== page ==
by Will Johnston
Abortion. Gun ownership. Immigration. Global warming. Tax cuts. Gender identity. Race relations.
These are critical issues facing our society and our country today, and as such, they are critical issues facing followers of Jesus.
Here’s another one, “A new command I give you: Love one another. As I have loved you, so you must love one another. By this everyone will know that you are my disciples, if you love one another” (John 13:34-35, ESV).
You notice that Jesus didn’t say, “By this everyone will know that you are my disciples, if you love those who agree with you, look like you, act like you, talk like you, vote like you, think like you, and live like you.” If he wanted us to do that, he needn’t have said anything. It’s usually pretty easy to get along with the people who are just like us.
I spent a decade living and working in Washington DC. My career began in the political world before ending up in the pastorate, and during that time I got to know gay Hispanic liberals, white conservatives from the heartland, and African-Americans from the inner-city. I knew wealthy and powerful people, and I knew the down and out. On any given weekend the church I attended (and later joined the staff of) could have elected officials and people who spent the night on a park bench worshipping in the same service.
When you’re digging into life with people, when you’re opening up yourself, and they’re opening up to you, there really aren’t any off-limits topics. And politics are likely to come up.
But as small group members, leaders, and pastors, it’s incumbent on us to remember that Jesus’ command was not for us to hold a particular perspective on a given issue or to vote for a particular political party but rather to love one another. And as important as all of those issues mentioned above might be, they’re not as important as Jesus’ command to love.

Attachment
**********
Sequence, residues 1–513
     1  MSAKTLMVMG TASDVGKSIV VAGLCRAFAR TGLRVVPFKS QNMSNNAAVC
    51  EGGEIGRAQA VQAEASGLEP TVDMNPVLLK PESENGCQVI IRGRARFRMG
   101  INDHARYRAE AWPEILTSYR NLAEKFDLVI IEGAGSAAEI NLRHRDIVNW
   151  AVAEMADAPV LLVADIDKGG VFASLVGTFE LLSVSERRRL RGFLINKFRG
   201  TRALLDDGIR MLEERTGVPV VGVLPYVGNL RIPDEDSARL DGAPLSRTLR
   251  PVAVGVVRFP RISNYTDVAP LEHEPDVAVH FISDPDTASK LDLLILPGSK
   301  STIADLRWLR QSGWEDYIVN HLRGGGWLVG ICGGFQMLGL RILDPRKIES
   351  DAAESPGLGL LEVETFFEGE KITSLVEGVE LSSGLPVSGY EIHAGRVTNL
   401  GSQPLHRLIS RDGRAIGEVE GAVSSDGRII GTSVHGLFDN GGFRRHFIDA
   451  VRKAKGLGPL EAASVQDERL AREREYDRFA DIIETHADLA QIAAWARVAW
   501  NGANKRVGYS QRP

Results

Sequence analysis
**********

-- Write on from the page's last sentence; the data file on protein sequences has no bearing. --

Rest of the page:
Here are a few ways we can show love to one another when political conversations arise at small group… or family gatherings, workplace lunches, and social outings for that matter.
There are people who love Jesus on just about every side of a given issue and certainly in both major political parties. So don’t assume that everyone else in your group agrees with your perspective. Avoid comments like, “I’m just praising God that so-and-so is our next Senator.” or “Maybe now we can finally get that law overturned.” Statements like this tend to cause people who disagree to either lash out or to seethe silently.
In the first statement, you’re assuming your will is God’s will regarding a particular candidate, and most of the time it takes a whole lot of pride to presume to know exactly what God’s preferred election outcome is.
In the second statement you’re assuming that the others in the group agree with you that a particular law should be overturned. They may have a totally different perspective. At the worst, you can make people feel like they’re not welcome in the group because they don’t agree with you.